Friday, July 22, 2016


Warning – no Corvair content in this post. What does follow is a missive on the frustrating follies of an amateur mechanic.

Short back-story. Our adventure began on a quiet day in early February when Victoria’s GMC Acadia had a timing chain failure. The vehicle was 3,000 miles past GM’s warranty on this issue. The local mechanic told her it’d be $5000 to replace the engine – not willing to quote just replacing the chains because he didn’t know how deep into the engine he’d have to go to complete the repair. We chose the less expensive route of fixing it ourselves. Four months of sporadic weekend and evening thrashes resulted in the car going back on the road with five check engine codes and a puddle producing transmission fluid leak. Cleaning the MAF sensor (one of the codes) and putting an o-ring in the suspect transmission line joint didn’t do a thing, so we bit the bullet and delivered the car to the local mechanic to sort out and deal with the problems.

Today Victoria retrieved her repaired car and was told a small piece of foam had become lodged between the upper and lower intake manifold pieces causing the air leak triggering many of the codes. I apologized profusely to Victoria while kicking myself over my lameness for having this happen. She was gracious in reminding me there were other issues that the mechanic needed to deal with (new transmission line seals, leaky O2 sensor, and a malfunctioning manifold control valve).

Now we wait and see what happens next. Do the codes stay away? Are all the leaks alleviated? Does the A/C blow cold (we had to have it evacuated in order to drop the engine to do the timing chain replacement)? Time will tell.

Wednesday, July 20, 2016

Starter Woes Go Un-fixed

Yesterday evening, I was in a huge funk after finally giving up on my unprofessional skills fixing Victoria’s car. I decided that, while I was already dressed in grungies, and the garage was already open, and Ringo was already sitting in said garage, I’d go ahead and swap in a GUP solenoid and fix the starter problem. After disconnecting the driver’s side air duct and only breaking one of the terminals on the crusty, old solenoid, I had the starter/solenoid assembly out in no time. Pulled the nicest looking solenoid off the shelf and swapped it in place of the discardable piece. Using battery cables and a jumper wire I made sure the Bendix would fire out before reinstalling the unit back onto the bell housing. Before reattaching the duct, I hooked up the battery and gave the key a twist – nothing. Irr. The switch, though, caused the starter to spin the engine just fine, so I guess it was an improvement, but the ignition switch still needs to come out and be cleaned or replaced. After I put all the tools away, it occurred to me I hadn't put the duct back on. Fortunately, the car was still up on jackstands, so the assembly wasn't too bad.

Thursday, July 14, 2016

Will This Be the Beginning of Consistent Blogging Again?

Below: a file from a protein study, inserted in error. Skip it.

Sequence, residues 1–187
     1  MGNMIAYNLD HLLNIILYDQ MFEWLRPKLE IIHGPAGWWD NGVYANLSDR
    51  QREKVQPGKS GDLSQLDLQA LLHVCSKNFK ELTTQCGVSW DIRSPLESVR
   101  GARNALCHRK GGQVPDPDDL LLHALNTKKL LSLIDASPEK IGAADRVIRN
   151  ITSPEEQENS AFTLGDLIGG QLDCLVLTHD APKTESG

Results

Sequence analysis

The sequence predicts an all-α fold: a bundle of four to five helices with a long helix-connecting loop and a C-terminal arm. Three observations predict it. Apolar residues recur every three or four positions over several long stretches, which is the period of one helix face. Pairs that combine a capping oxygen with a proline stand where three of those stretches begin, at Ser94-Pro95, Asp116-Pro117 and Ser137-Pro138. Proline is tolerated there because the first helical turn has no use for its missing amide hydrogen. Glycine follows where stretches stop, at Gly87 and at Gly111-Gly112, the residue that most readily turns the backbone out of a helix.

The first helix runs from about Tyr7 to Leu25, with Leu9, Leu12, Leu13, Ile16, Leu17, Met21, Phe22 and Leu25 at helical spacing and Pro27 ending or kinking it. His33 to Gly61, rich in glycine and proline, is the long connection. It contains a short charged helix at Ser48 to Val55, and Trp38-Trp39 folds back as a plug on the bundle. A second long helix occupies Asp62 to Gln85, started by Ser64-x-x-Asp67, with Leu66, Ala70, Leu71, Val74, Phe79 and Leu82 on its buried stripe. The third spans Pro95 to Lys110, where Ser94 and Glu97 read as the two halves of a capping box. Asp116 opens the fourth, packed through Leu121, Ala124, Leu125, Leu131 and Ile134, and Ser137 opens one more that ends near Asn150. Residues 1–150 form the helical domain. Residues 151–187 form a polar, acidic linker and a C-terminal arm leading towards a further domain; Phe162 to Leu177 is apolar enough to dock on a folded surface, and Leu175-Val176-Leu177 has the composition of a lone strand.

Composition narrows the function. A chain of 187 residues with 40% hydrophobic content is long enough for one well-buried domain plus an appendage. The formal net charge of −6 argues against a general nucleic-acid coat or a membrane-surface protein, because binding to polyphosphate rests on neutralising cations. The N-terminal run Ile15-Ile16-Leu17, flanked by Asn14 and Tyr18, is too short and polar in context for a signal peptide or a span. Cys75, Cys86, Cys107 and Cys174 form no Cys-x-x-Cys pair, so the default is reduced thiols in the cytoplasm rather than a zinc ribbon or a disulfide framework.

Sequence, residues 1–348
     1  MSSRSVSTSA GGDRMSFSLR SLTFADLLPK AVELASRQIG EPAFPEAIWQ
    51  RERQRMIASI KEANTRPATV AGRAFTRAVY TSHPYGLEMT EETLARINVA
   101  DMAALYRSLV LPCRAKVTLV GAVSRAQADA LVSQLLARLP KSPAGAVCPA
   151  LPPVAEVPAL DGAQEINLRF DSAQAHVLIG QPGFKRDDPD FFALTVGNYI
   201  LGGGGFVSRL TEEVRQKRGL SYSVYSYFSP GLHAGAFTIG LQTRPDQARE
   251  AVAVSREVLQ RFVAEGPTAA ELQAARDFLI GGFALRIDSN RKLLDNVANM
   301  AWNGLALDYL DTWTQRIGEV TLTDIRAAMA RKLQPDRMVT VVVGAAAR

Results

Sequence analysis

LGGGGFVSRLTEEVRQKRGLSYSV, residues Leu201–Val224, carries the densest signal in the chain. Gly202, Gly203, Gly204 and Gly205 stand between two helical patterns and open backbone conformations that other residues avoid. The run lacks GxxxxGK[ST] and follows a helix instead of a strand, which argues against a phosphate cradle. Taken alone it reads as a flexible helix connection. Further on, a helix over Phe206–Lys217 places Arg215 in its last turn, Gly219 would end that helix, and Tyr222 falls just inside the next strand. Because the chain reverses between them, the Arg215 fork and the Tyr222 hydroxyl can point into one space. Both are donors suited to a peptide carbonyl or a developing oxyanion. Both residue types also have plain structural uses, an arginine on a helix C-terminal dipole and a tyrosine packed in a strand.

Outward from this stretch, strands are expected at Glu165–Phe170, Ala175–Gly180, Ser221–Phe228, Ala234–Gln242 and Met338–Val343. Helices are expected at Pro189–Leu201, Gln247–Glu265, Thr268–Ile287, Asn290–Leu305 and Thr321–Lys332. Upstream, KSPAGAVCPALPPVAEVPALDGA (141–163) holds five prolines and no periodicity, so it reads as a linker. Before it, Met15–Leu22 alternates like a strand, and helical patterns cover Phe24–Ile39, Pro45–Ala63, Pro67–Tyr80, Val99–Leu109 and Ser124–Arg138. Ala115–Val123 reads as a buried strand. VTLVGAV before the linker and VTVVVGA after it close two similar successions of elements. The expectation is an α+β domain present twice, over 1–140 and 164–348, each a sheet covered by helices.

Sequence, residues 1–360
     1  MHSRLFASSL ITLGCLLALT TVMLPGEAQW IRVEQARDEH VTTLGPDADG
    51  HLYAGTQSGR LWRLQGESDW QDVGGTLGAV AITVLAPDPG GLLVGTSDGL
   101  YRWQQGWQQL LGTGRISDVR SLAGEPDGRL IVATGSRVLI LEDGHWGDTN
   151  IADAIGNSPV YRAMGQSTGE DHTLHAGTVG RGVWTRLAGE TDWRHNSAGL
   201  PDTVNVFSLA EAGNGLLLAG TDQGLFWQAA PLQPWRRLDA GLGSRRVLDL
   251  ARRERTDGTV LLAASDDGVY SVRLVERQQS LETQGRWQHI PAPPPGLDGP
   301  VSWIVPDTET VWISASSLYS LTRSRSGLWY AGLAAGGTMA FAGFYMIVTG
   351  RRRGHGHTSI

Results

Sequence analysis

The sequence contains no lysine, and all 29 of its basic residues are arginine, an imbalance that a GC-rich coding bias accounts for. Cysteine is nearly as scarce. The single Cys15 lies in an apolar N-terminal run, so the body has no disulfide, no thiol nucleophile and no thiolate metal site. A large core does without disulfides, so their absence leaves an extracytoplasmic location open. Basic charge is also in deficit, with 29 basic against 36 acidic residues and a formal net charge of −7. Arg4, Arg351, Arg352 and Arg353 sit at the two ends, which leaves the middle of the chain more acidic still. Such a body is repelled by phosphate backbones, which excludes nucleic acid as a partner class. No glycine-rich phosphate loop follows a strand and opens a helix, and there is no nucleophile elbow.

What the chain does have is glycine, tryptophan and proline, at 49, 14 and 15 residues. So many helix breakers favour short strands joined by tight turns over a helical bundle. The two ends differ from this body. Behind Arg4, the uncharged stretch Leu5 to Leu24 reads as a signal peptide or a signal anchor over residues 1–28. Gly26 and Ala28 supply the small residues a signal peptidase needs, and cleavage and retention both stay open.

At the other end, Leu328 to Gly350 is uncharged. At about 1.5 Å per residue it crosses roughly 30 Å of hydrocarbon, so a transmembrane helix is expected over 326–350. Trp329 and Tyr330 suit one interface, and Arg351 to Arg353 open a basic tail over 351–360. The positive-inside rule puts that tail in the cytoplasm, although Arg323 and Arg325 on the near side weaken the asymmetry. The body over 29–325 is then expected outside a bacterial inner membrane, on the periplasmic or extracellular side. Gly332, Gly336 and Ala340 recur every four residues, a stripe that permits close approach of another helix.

My lack of blog entries in the last three months has been due to a couple of non-Corvair projects sucking all my free time away. First, I’m still working on a new kitchen for the lovely Loriann. Second, Victoria and I were dealing with her daily-driver Acadia. To summarize the latter, a timing chain slipped, intake valves hit pistons, compression was lost, engine was dropped out of the car, heads were pulled and rebuilt with new valves and machined surfaces, engine was reassembled and raised back into the car, everything was hooked back up and fluids topped off, key was turned, engine started (TYL). All that took roughly four months.

In the midst of all that, I did get some Corvair problems to solve. Since Victoria needed a vehicle to use, as did Mikhaila, Ringo became my daily-driver, while Mikhaila got the pleasure of wrestling Glinda around town.

Ringo, for the most part, has been well behaved. The only work I’ve done has been to extend the jump-start wire into the salon and insert a temporary toggle switch between it and a 12V tab on the fuse block. The starter won’t energize by just turning the ignition switch anymore (solenoid? – probably!), so I have to double up on sending voltage to the solenoid. I do this by turning the key and toggling the jump-start wire at the same time. I’m sure, in the end, it would have been more effective to swap out the solenoid which I still plan to do. Oh well. Glinda has had some issues that have sucked up some time. A couple weeks back, with Victoria’s car out of the garage, I decided to weld up her cracked exhaust pipe (Glinda’s not Victoria’s). While brushing the surfaces clean with a wire wheel on my grinder, I took a big chunk out of the air hose that runs in that space. I did the best I could to weld up the crack without removing the pipe, but figured I hadn’t gotten it all. That was confirmed when I started up the car and pulsing hot air was still coming out of the pipe near the weld. After replacing the hose with a GNP off the shelf, I sent Mikhaila on her way. She got about 3 miles down the road when the pipe broke taking out the muffler hanger with it. Mikhaila immediately pulled off the side of the road and gave me a call. I got her the rest of the way to work and then returned with bailing wire and the tow stuff to get Glinda back home. Fortunately, the Flowmaster didn’t drag on the ground – one of the clamp u-bolts did the dragging. With Glinda in the garage and her rear up on jackstands, I unbolted the broken hanger and pipe and then went rummaging for replacements. The hanger had failed at the rubber square, so I pulled a GNP square and nut and bolt kit, drilled out the old rivets, and installed the new square – job done. I then closely inspected the two pipes I found in the rafters, but one had a crack and went into the recycling can. The second one had had its muffler cut off at some point in its life, so clamping the Flowmaster onto its end was not going to happen. It was going to have to be a welded joint. Fortunately, there’s a short transition pipe installed into the inlet of the muffler that meant I wasn’t welding the muffler, but the transition pipe’s end to the exhaust pipe end. The mating areas and surrounding surfaces of the two pipes were thoroughly cleaned to bare metal with the wire wheel on my stand grinder before I climbed under the car with them. With the repaired muffler hanger in place supporting the rear of the muffler, I bolted the replacement exhaust pipe to the exhaust manifolds with copious amounts of exhaust sealing paste (no new donuts available) and slid the inlet of the muffler over the abbreviated pipe as far as it would go – only about a half-inch. Out came the welder and I laid down a bead (or what passes as a bead given my lack of welding skills) all the way around the joint. The next morning Mikhaila started the car up, and it was noticeably quieter during her commute. When she got home, I inspected my work and found the strap had